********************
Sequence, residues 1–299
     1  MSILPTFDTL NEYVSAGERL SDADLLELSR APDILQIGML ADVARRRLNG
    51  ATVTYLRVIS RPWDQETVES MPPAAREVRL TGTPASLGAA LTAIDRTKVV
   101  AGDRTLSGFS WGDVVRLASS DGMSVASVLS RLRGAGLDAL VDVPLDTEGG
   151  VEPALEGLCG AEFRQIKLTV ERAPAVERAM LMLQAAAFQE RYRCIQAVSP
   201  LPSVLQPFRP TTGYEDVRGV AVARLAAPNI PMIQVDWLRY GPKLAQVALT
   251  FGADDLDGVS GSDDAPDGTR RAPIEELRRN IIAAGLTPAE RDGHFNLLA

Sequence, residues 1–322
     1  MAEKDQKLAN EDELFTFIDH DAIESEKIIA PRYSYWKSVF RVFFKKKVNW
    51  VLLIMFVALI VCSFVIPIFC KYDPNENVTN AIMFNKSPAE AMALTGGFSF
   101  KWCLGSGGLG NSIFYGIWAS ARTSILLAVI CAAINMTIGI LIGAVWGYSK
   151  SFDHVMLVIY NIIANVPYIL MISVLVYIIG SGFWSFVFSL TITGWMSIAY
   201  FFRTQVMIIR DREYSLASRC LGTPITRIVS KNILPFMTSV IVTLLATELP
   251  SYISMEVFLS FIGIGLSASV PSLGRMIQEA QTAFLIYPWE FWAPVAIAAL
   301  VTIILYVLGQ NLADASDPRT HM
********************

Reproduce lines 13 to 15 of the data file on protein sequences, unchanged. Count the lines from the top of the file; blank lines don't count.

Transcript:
   201  FFRTQVMIIR DREYSLASRC LGTPITRIVS KNILPFMTSV IVTLLATELP
   251  SYISMEVFLS FIGIGLSASV PSLGRMIQEA QTAFLIYPWE FWAPVAIAAL
   301  VTIILYVLGQ NLADASDPRT HM